The US and Mongolia are backing a ban on the trade of a critically endangered antelope that has seen its numbers on the central Asian steppes devastated by hunting and disease.
The saiga antelope (Saiga tatarica) once lived across Europe and Asia but is today confined to Russia, Kazakhstan and Mongolia. In 2015 the species was hit by the outbreak of a bacterial infection that killed off half its population.
Now, at a major international conference on the trade in endangered plants and animals opening in Geneva on Saturday, governments will decide whether to upgrade protections for the iconic antelope. The plan to move the species to “appendix I”, the highest level of protection under the Convention on International Trade in Endangered Species of Wild Fauna and Flora (CITES), will likely face opposition from Kazakhstan.
“The saiga is a big one – their population is critically endangered by poaching and the die-offs,” says Sue Lieberman of the US-based Wildlife Conservation Society. The antelope’s numbers are slowly starting to rise in Kazakhstan, leading those with trade interests to say the species has recovered, she says.
Some conservationists, such as trade monitoring group TRAFFIC, oppose a ban, saying it would lead to “implementation challenges” as Saiga tatarica would have a different listing to another antelope, Saiga borealis.
But some form of action seems needed – two Kazakh rangers have been killed this year, mostly recently in July, by antelope poachers. The species is predominantly killed for its horn, which is used in traditional medicine in Singapore, China and other countries.
Lieberman is hopeful the proposal will pass to move the species from appendix II – which controls trade but doesn’t prohibit it – to appendix I. If countries cannot reach a consensus then the decision, like all CITES resolutions, will be reached by majority vote. It is one of 53 new proposals on the table at the summit, which was moved from its planned venue in Sri Lanka after bombings earlier this year.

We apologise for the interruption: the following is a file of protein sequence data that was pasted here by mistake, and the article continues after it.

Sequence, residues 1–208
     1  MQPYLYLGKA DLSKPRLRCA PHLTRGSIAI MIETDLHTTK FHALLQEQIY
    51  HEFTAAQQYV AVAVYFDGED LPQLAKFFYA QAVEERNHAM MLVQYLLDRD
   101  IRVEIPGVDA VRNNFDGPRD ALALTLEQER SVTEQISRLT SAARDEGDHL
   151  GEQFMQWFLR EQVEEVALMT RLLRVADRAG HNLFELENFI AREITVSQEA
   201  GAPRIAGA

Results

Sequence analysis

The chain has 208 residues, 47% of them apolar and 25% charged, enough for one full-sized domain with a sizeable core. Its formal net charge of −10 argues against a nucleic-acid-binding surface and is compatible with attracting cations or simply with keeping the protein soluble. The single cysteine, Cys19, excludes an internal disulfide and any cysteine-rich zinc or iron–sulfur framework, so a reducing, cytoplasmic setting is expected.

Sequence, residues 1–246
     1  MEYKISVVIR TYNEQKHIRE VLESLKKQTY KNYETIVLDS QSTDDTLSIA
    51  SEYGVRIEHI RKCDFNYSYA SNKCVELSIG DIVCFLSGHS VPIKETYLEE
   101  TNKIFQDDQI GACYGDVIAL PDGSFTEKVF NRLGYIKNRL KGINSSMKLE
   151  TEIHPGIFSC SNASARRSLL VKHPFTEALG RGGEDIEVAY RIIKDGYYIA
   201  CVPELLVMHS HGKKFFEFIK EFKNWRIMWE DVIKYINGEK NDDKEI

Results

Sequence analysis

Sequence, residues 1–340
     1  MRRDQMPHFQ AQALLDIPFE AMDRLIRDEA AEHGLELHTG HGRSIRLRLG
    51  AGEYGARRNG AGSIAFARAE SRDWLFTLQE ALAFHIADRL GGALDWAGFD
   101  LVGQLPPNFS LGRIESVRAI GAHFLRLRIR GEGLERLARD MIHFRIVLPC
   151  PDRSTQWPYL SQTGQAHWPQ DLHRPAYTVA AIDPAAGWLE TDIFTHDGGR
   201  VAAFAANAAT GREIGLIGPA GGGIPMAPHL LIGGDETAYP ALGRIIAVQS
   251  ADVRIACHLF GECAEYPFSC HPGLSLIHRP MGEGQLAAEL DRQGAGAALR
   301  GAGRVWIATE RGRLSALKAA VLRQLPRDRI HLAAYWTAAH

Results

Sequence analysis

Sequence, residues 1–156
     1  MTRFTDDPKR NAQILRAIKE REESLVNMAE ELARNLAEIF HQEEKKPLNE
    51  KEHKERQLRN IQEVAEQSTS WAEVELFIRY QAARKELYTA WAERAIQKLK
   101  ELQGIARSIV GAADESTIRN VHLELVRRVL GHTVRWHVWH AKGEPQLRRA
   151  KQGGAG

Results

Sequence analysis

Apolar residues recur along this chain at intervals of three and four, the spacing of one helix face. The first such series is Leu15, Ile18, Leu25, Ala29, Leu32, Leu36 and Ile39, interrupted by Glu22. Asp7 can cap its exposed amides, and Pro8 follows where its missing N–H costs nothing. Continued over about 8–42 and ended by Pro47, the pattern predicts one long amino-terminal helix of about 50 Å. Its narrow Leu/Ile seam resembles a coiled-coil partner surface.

Among those plans are familiar competing proposals to weaken and strengthen protections for African elephants. Moves to give them the highest level of protection were defeated at the last CITES summit in 2016. At this year’s meeting, countries including Zambia and Botswana are leading proposals for a downlisting. “There is a possibility Zambia might get its downlisting but with zero quota [for trading],” says Mary Rice of the Environmental Investigations Agency.
One eye-catching and certainly unusual proposal is Israel’s suggestion of giving protections to the woolly mammoth. Restricting trade in an extinct animal might seem odd, but the intent is to limit laundering of elephant ivory through mammoth ivory, which is collected in Siberia from melting permafrost. Rice expects the proposal will fail to get enough backing, despite having merit.
Less controversial and more likely to pass are proposals to list a quartet of marine species in Appendix II, limiting their trade. Guitarfishes, wedgefishes, sea cucumbers and the until recently widespread mako shark are all likely to get stronger protections, Lieberman expects.
The conference, which comes in the wake of a major UN report that found humanity is threatening a million species, will also discuss the strategic future of CITES and how it meshes with international biodiversity goals to be thrashed out in Beijing, China, next year.
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